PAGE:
Rolls-Royce - aiming for the Bentley market?
In our previous issue we gave details on the launch and specification of the Bentley Bentayga EWB, which turned the focus on comfort and even ‘wellness’ for passengers more than any previous Bentley – and which appeared to be a move towards more direct rivalry with current Rolls-Royce models than we have seen before. Now, with the increasing profile of Rolls-Royce’s Black Badge models, recently on display at the Goodwood Festival of Speed, we are seeing the firm’s move into a younger, more aggressive sector that seems adjacent to Bentley.
Readers can draw their own conclusions from this extract of the press release: ‘Launched in 2016, Black Badge is Rolls-Royce’s response to a new type of client. A permanent Bespoke treatment to its motor cars, these products are darker in aesthetic, more urgent in personality and dramatic in material. Designed with more torque, control and power, Rolls-Royce Black Badge is for those who reject conformity and live on their own terms. It is for the innovators, trailblazers, rule-breakers — and above all — those who dare.’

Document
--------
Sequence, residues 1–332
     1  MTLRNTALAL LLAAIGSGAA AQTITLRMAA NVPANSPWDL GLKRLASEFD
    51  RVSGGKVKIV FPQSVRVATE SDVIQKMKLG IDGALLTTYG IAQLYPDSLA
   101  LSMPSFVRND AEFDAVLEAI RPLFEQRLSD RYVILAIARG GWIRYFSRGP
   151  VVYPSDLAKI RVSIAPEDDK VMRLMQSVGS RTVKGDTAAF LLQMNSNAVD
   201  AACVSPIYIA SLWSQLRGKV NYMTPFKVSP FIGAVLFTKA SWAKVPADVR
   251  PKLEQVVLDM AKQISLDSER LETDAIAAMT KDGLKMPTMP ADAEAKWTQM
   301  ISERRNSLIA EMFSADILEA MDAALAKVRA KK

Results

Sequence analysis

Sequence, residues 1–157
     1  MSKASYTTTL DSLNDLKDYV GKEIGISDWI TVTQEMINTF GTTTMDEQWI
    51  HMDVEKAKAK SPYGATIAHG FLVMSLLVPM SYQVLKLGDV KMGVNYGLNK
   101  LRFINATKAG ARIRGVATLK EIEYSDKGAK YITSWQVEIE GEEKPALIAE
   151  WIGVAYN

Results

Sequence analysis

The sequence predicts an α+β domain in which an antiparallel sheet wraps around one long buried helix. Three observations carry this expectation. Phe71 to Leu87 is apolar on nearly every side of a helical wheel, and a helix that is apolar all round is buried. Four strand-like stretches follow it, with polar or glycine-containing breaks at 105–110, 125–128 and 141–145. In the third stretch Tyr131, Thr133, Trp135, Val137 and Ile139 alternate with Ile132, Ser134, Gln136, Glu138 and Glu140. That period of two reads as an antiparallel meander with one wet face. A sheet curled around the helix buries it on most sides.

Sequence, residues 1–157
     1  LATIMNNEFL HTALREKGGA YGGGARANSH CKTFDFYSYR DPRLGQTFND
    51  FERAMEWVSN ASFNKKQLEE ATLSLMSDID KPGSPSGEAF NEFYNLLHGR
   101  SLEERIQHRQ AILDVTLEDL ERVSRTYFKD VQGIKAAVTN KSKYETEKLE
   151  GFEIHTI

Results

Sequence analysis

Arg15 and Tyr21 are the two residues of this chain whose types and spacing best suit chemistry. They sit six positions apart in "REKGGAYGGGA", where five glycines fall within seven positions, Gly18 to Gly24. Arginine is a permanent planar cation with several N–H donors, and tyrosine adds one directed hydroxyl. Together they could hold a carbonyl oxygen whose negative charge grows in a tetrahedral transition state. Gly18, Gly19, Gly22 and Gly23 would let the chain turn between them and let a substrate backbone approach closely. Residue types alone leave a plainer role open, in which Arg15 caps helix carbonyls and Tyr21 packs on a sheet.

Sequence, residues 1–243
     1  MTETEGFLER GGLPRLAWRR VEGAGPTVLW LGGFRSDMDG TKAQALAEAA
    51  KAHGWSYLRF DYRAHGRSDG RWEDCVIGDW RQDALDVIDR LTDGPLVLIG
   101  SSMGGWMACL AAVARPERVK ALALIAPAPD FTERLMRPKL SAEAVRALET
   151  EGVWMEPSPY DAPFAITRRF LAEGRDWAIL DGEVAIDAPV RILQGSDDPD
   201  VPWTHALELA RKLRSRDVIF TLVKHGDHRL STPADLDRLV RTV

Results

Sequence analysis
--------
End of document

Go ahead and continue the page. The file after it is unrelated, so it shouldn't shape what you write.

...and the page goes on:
Rolls-Royce tell us that Black Badge now represents 27% of all their commissions worldwide, and at Goodwood, they showed how these highly personalised statements could work across four models: Ghost, Cullinan, Dawn and Wraith. Some of the colour combinations, especially in the interior choices, will shock the traditionalists, but perhaps that’s part of the aim. The Black Badge Wraith, for instance, was presented in Black over Tucana Purple with a mandarin coachline, teamed with a Mandarin and Black theme inside. One of the two Black Badge Ghosts was presented in Lime Green with a carbon-fibre Spirit of Ecstasy. It's a bold move, and one clearly designed to shift the centre of gravity for the Rolls-Royce’s brand image. Boris Weletzky, Regional Director of Rolls-Royce Motor Cars for UK, Europe, Russia and Central Asia, said ‘I am delighted to showcase such highly Bespoke cars in vivacious colours and luxurious hues, testament to the creativity of our artisans, designers and engineers.’